The Heart of the Gamelan
In the mid-1990s, the Department of Music ordered a set of approximately 30 instruments that formed the basis for Giri Kusuma, Pomona’s Balinese gamelan. Originally organized by the late Professor of Music Katherine Hagedorn, the ensemble has been directed since 1999 by Nyoman and Nanik Wenten, who are traditionally trained artists from Bali and Java and longtime faculty members of the Herb Alpert School of Music at CalArts.
- The word “gamelan” means “percussion orchestra” and refers to the many kinds of bronze, iron or bamboo percussion instruments played in Southeast Asia.
- The set of instruments used in Pomona’s ensemble is called gamelan gong kebyar, named after the central instrument.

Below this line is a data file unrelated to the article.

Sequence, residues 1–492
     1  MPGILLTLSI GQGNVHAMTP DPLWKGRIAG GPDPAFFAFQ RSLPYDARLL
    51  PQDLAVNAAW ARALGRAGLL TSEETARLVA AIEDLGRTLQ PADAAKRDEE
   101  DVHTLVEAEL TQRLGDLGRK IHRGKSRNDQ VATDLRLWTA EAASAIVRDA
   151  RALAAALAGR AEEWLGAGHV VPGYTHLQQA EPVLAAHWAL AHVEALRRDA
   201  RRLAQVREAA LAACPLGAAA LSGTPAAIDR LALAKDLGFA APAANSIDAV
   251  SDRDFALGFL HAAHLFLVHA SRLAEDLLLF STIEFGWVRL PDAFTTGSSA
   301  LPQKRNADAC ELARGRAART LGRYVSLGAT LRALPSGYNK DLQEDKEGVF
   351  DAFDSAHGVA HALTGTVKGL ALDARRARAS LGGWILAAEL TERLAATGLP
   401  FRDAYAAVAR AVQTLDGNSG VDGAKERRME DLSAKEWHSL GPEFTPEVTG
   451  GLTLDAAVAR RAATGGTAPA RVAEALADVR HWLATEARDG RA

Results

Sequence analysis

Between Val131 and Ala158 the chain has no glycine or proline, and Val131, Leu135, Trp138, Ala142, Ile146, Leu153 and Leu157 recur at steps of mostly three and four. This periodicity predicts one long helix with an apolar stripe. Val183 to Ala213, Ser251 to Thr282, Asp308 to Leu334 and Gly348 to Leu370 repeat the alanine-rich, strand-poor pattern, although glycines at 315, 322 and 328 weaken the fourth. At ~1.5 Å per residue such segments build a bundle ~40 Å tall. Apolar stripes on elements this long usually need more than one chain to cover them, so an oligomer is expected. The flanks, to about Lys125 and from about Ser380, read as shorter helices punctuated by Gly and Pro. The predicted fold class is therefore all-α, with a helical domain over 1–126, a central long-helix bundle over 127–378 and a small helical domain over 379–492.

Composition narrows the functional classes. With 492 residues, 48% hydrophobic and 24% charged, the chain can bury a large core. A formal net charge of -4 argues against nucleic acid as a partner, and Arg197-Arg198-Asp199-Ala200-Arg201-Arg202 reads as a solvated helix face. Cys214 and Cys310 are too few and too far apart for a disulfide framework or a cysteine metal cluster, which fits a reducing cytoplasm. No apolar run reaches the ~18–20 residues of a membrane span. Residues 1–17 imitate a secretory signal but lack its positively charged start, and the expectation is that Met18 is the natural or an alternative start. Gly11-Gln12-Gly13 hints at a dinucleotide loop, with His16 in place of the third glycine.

- The word “kebyar,” which can be translated as “bursting open” or “explosive,” is also used to describe the modern gamelan’s dynamic, fiery style of music.
- The gong-gdé, or “big gong,” is considered the heart of the ensemble. It articulates the beginning or end of each musical cycle.
- The gong is the largest instrument in the gamelan. Cast in bronze, it weighs about 50 pounds and is played with a padded mallet while suspended from a wooden frame.
- Like most gamelan gongs, this one was made in Java. Most other instruments in the gamelan were made in Bali and shipped to the United States.
- The gamelan’s music director, Nyoman Wenten, and dance director, Nanik, were featured in a recent documentary about gamelan music titled Bali: Beats of Paradise.